Taking publication date into consideration: a response to the review of Mobile Technologies for Every Library

Letter To The Editor


Taking publication date into consideration: a response to the review of Mobile Technologies for Every Library


Lisa Mastin


doi: http://dx.doi.org/10.5195/jmla.2018.397

Received November 2017: Accepted November 2017

To the editor, I am writing in response to the recent review of Gleason’s Mobile Technologies for Every Library [1]. I agree that it is difficult to remain current when writing about technology. I also appreciate the assertion made by the author of the review, who felt that the book’s shortcomings were its timeliness and lack of insight into emerging technologies, that a review is obliged to provide supporting evidence for its judgments.

However, I have concerns surrounding the arguments offered as proof that the book is largely outdated and an impractical choice for many libraries. My first issue is with the labeling of the data in the book (i.e., 2014 Horizon report, 2013 Smartphone Market Shares) as woefully out of date. The book was published in 2015; therefore, data from 2013 and 2014 seem appropriate and likely were the most current data available.

Secondly, the labeling, by the review’s author, of Figure 4.2 in the book as laughable because the listed Android versions were not the most recent seems unfair. Android versions Lollipop, Marshmallow, and Nougat were released in 2014, 2015, and 2016, respectively [2]. Gleason could not be expected to include yet-to-be released Android versions in her book.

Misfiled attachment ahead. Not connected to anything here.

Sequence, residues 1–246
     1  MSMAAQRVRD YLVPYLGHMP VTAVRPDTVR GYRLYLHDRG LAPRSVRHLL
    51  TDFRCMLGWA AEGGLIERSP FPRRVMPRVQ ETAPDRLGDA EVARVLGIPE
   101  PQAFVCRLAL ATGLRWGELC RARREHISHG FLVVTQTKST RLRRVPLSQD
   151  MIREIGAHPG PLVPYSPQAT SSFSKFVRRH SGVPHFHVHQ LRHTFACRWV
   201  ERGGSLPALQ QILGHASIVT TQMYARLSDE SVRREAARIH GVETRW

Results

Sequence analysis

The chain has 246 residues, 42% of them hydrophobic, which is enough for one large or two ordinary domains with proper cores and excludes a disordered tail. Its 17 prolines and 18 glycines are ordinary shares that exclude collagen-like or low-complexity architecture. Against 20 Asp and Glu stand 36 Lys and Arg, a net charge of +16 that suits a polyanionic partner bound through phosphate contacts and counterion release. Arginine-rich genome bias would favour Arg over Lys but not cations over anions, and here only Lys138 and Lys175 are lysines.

Finally, I come to the defense of the book’s author for her choice to include Google Glass as a relevant mobile technology, which the author of the review criticized as “not new and exciting.” For some libraries, Google Glass, as well as other technologies mentioned in the book (i.e., virtual reality, augmented reality), would be considered new and possibly exciting because many libraries have limited technologies due to demographics, budgets, and library size. Furthermore, Rawlins’s book that the reviewer recommended also mentions Google Glass among its referenced technologies.

A review may be obliged to offer supporting evidence for its criticisms, but more importantly, it must take into account the publication date of the book being reviewed. It is worth noting that although technology may quickly become obsolete, not all libraries can keep up with the pace.

REFERENCES

1 Becker D. Mobile technologies for every library [review]. J Med Libr Assoc. 2017 Jul;105(3):296–7. DOI: http://dx.doi.org/10.5195/jmla.2017.269.

2 Kumar V. List of all android version (old & new) with name and photos [Internet]. Kuch Jano; 22 Aug 2017 [cited 2 Nov 2017] <http://www.kuchjano.com/blog/list-of-all-android-os-version-old-new-with-name-and-photos/>.


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Comment on Becker D. Mobile technologies for every library [review]. J Med Libr Assoc. 2017 Jul;105(3):296–7. DOI: http://dx.doi.org/10.5195/jmla.2017.269. ( Return to Text )


Lisa Mastin, lisa.mastin@wellstar.org, Medical Librarian, Fay E. Evatt Medical Library, WellStar Atlanta Medical Center, Atlanta, GA


Articles in this journal are licensed under a Creative Commons Attribution 4.0 International License.

This journal is published by the University Library System of the University of Pittsburgh as part of its D-Scribe Digital Publishing Program and is cosponsored by the University of Pittsburgh Press.


Journal of the Medical Library Association, VOLUME 106, NUMBER 2, March 2018

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